I should have had at least five summits to date, but unfortunately I have had to descend close to the summit on two separate occasions when team members have needed assistance descending. I have never personally felt scared about my own safety but have been very concerned with some of the climbers I have witnessed still ascending very late in the day, while we are nearly back at the respective high camp. Helping down a semi-conscious climber in the dark on a 12-inch ledge on the Northeast ridge has its moments.

Have you ever guided anyone on Mount Everest who you feel should not have been there? 

I have been very fortunate to climb on Everest six times previously with 2010 making my seventh expedition. Each of these expeditions I have been working in some capacity, helping others reach the top. Some of the climbers have had no experience whatsoever; whereas others have climbed multiple 8,000-meter peaks previously. I would like to think that most climbers are honest with their experience and aspirations, but some aren’t. I had to assist a climber in the past that have never worn crampons before arriving at base camp. I would like to say that this climber was not on an Altitude Junkies expedition.

Dead or alive, which climber would you like to stand on the summit of Mount Everest with and why? 

Doug Scott is the man. We are both born in the same city of Nottingham and I think he never received the recognition that was due to him and was bestowed on other climbers and explorers, some were even knighted. I think Mr. Scott should be knighted like that other great gentleman from Nottingham, Mr. Paul Smith. While were at it, how about Mr. Brian Clough being knighted post-humus, even though he wasn’t born in Nottingham, he did a lot for the City. Doug Scott and the other old school British climbers were hardcore. Drinking and smoking all the way to the summit. I’m not saying that behavior is now the ideal role model for the future generations of climbers, but they had fun. I would like to meet Mr. Scott one day and learn from his experiences.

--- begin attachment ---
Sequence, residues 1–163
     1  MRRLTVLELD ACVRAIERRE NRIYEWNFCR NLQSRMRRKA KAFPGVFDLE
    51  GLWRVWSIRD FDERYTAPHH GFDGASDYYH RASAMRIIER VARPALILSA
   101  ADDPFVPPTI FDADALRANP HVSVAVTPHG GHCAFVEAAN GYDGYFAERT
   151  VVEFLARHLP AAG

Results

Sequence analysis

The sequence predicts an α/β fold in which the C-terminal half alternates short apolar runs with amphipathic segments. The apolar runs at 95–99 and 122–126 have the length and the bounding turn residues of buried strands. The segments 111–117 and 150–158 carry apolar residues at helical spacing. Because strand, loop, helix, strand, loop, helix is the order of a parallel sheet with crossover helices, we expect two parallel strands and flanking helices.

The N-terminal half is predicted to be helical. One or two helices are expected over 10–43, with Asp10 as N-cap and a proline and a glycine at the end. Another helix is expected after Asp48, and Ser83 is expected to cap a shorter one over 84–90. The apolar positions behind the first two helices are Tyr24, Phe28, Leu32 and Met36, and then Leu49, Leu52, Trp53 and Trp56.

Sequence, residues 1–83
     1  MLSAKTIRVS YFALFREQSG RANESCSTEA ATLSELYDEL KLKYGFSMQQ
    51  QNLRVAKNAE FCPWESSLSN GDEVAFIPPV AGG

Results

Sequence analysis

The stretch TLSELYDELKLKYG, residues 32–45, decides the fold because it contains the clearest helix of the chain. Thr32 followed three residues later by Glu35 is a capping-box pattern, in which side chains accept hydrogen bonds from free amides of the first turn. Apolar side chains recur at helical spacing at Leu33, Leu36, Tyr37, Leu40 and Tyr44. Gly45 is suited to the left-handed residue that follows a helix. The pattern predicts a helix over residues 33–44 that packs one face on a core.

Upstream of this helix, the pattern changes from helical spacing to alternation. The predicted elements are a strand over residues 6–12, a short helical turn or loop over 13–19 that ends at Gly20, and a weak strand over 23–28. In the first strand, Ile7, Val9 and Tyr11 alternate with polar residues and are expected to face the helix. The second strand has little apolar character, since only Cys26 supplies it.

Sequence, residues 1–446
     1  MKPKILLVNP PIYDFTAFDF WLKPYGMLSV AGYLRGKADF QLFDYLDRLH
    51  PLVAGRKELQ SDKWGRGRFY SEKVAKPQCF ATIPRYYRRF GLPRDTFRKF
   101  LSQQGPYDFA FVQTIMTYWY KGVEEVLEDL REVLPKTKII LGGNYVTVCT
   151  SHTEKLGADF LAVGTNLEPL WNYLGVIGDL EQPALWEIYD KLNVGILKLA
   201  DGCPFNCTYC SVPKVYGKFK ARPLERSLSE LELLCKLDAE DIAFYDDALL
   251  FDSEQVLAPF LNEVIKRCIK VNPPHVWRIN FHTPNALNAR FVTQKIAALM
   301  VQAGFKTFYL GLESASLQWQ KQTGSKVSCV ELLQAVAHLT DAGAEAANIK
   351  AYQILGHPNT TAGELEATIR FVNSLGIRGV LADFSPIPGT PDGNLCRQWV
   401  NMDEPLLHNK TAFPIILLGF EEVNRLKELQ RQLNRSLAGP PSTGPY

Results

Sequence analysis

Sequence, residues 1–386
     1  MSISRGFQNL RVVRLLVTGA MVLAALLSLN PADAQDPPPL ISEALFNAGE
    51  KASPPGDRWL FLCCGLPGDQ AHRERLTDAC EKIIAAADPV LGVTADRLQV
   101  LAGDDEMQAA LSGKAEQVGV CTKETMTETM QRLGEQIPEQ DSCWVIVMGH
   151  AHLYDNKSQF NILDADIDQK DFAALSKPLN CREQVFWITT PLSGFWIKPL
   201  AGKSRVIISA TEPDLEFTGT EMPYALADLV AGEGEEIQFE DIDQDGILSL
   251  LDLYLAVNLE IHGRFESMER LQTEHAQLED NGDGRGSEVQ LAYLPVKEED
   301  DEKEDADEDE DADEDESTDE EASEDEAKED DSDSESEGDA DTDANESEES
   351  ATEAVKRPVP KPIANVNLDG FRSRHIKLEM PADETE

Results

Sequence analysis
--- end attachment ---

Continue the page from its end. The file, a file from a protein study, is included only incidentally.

Have you personally had any close calls while on Mount Everest? 

If I mentioned my close calls my wife would insist I stop climbing.

In the last 50 years climbing equipment has got smaller and lighter. Do you think this has made climbing Mount Everest any easier? 

A lot of people who have never climbed Everest like to point out that it’s easy and a tourist climb. I think it’s a very challenging peak and I think the summits have increased and fatalities have dropped due to many factors, gear being one of them. The boots are now lighter and warmer than the original One Sport boots that I just retired last season. Down suits get warmer and lighter and we have a better understanding of oxygen systems, although 2009 saw a lot of new style mask failures due to the cold temperature experienced on summit day. The weather forecasts have become much more detailed and accurate and this I think is the biggest factor for increased success recently on Everest.

Do you think that George Mallory and Andrew Irvine climbed the Second Step? 

Having climbed the Second Step on several occasions (using the ladder), I think they actually made it to the top that fateful day. Once a climber is over the Second Step it’s a short distance and easy terrain to the summit on the now established normal route on the Northeast Ridge. I think they were so close and their determination would have probably made them overcome this section of the climb. Several modern day climbers have climbed this section without the ladder so it could have been done back then I think. I would like to think they reached the top.